In virtual environments, VMware vSphere could restrain the maximum performance of the system infrastructure if it is not properly optimized. VMware provides great documentation that helps understand the design considerations and general deployment options for deploying vSphere infrastructures, however some of these considerations differ for modern All-Flash Array.
All-Flash Array are fast, very fast; yet it is common to see performance limitations when Proof of Concepts are configured and tested under these storage systems and VMware environments. To avoid performance limitations and needless fine-tuning, this guide highlights the key considerations and configuration settings that promote a high-performance and reliable virtualized environment for connecting vSphere assets and clusters with the AccelStor NeoSapphire™ platform.
These 7 tips have been taken from the AccelStor NeoSapphire™ AFA Best Practices for VMware document, where you can find the full set of recommendations and configurations.
1. Use multiples SAN switches for redundancy One common mistake of testing storage systems in a VMware environment is using a direct connection to ESXi hosts, or just using a single switch. Although many AFAs supports to be directly attached to the hosts, always use a SAN switch to perform POCs. At least two, for production environments. Multiples switches increase the number of data paths between the storage array and the ESXi hosts, and with this, performance and data redundancy.
2. Use all available Data Ports As simple as it may sound, always use all the available data ports from the storage array to interconnect the ESXi hosts. Storage data ports are usually available in both, Fiber Channel (16Gbps) or iSCSI (10Gbps). Depending on the used protocol, a single port will tolerate an average of 250K IOPS @4KiB. When connecting All-Flash Array to the infrastructure, using a single data port (or not the total of them) is a mistake, this constrains the maximum performance that the systems are capable of offering.
3. Avoid the use of Jumbo Frames For iSCSI protocols, Jumbo Frames might improve the network performance by making data transmissions more efficient; the condition, each link in the network path -- storage, SAN switch and ESXi hosts – must be configured to enable jumbo frames. Missing one of these links will lead to inconsistent performance and packet loss. In All-Flash Array, Jumbo Frames offers marginal performance gains while adding extra complexity to the infrastructure. Tip: avoid Jumbo Frames.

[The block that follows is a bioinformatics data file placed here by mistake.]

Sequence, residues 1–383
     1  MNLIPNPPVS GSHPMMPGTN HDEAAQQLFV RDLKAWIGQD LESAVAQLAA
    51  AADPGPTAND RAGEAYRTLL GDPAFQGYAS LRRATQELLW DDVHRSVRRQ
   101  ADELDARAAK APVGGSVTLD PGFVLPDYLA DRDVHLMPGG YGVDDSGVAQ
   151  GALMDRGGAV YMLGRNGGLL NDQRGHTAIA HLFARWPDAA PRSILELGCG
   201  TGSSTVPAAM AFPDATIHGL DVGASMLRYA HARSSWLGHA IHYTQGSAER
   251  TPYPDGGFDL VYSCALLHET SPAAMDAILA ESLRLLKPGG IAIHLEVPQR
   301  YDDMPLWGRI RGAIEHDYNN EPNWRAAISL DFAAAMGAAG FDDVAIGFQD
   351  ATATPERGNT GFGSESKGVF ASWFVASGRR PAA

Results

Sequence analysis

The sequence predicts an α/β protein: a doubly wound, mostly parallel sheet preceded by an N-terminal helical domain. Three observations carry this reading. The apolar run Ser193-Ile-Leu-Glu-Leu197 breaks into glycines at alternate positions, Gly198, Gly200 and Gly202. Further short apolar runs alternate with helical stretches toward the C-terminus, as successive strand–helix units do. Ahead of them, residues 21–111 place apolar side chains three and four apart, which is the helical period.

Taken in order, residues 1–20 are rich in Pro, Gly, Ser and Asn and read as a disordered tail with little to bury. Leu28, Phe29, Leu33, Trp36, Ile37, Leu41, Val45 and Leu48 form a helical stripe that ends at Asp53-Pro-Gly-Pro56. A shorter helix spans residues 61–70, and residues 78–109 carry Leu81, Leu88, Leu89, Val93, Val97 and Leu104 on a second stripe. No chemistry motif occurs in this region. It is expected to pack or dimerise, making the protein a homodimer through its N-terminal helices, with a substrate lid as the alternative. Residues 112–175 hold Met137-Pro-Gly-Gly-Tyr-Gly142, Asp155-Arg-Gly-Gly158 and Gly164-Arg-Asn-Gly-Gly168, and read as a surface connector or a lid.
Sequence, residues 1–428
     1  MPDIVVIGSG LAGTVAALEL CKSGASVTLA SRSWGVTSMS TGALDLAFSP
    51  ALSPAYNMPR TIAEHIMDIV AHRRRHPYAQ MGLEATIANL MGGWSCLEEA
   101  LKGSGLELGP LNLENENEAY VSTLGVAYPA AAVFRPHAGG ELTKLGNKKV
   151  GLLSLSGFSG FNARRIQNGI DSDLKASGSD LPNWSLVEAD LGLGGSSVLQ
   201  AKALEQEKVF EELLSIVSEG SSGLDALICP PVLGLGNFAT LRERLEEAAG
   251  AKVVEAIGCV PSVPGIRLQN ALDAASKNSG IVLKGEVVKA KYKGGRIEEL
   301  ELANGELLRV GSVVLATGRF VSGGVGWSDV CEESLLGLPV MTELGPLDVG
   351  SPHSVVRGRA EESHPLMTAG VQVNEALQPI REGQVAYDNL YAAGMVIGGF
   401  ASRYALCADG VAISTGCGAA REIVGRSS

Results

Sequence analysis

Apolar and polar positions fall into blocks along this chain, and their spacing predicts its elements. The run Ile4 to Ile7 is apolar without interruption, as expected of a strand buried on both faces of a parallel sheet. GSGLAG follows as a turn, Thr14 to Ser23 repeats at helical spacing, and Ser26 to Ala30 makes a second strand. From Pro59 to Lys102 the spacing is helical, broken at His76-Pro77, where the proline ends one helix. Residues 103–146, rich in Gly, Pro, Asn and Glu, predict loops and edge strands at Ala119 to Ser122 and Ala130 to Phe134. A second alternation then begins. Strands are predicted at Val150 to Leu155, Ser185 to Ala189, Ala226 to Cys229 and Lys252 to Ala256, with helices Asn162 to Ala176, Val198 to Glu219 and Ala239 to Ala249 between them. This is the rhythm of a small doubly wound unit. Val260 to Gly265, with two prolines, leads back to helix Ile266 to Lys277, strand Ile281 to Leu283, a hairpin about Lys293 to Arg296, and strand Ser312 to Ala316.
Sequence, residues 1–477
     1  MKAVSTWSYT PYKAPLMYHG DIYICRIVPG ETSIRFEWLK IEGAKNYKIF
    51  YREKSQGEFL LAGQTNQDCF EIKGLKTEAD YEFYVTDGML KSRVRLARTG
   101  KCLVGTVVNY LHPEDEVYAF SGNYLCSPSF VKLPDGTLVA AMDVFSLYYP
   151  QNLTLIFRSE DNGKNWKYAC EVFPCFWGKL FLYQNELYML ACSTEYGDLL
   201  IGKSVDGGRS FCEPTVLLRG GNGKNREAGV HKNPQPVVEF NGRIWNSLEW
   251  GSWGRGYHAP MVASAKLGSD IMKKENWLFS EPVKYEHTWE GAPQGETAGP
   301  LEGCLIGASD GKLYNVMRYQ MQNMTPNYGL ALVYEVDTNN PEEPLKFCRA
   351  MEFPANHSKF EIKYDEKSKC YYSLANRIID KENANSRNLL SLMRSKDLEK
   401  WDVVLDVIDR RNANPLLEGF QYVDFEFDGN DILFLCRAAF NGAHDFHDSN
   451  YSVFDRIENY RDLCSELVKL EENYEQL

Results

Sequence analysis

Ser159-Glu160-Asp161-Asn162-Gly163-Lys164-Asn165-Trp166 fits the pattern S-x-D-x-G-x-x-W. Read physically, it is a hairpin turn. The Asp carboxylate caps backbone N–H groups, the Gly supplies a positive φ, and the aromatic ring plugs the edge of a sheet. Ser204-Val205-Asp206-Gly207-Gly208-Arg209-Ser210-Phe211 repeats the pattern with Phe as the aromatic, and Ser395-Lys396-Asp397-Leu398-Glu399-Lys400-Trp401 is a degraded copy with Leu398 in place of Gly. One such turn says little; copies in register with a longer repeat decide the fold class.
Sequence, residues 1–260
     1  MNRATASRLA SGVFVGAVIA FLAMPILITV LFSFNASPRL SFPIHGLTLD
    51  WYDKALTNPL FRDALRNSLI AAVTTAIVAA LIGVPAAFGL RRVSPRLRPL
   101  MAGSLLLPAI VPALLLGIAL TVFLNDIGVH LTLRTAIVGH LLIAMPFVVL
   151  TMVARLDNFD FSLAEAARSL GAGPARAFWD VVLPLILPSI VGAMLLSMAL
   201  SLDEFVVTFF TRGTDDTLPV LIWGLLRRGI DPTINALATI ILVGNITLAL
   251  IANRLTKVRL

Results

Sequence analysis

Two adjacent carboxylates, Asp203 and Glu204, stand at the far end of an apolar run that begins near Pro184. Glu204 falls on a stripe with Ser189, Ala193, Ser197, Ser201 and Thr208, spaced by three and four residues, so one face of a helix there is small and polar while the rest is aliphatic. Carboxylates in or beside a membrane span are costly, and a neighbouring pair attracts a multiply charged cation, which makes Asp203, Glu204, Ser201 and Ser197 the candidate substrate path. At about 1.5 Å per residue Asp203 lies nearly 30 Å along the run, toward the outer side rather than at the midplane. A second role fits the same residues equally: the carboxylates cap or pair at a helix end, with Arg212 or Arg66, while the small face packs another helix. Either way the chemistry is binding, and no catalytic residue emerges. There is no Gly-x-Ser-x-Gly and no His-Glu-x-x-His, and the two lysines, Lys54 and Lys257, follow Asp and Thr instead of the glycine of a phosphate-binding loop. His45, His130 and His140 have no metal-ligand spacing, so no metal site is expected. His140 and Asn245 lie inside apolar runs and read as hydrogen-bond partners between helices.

4. Change the Path Selection Policy to Round Robin To implement load balancing across the physical paths available to your ESXi host, Active-Active All-Flash Array requires to change the VMware path selection policy to Round Robin. The goal is to optimize performance regarding throughputs, such as I/O per second, megabytes per second, or response times by using all available paths.
5. Do not modify queue depths Performance-wise, queue depths play an important role through VMware environments, and usually, the decision to modify them is to achieve comparable performance with non-virtualized environments. The key thing understand about queue depths is that the ESXi host is designed to provide some level of fairness, equally sharing resources among the virtual machines, datastores, etc. Similar to Jumbo Frames, queue depths add complexity to the infrastructure, so instead of altering queue depths, is better to increase the number of Virtual Machines and datastores. Also, it is important to keep in mind that more of one ESXi host is needed to match the full performance of an All-Flash Array.
6. Ensure that VAAI is Enabled VAAI offloads IO-intensive processing from the ESXi environment to the All-Flash Array, enabling the delivering of more efficient, agile, and cost-effective VMware environments. The key of VAAI is to accelerate the provisioning, cloning, and migrations of Virtual Machines while keeping low computing utilization on the ESXi hosts. VAAI is enabled by default in the ESXi hosts and supported by almost all modern All-Flash Array. Always ensure that VAAI is enabled.
7. Enable Space Reclamation on Datastores and Guest-OS Due to the small capacity footprint and the expensive it could be, All-Flash Array gains a tremendous benefit when space reclamation is enabled. Space reclamation allows to thin-provisioned environments removing the dead space from datastore and virtual disks; this dead space is caused by files that have been removed or moved. In VMware environments, always enable space reclamation at the VMFS datastore and virtual machine level.
Juan Mulford is a Solutions Architect at AccelStor. He has held different roles in IT for over 9 years, working with Satellite Communications, Networking, IP Surveillance, Storage and Virtualization technologies. For the last 6 years, he focuses on VDI solutions. He aims to research, design and test AccelStor’s terrific AFA system in virtual environments, supporting the Marketing and Sales Operations at AccelStor.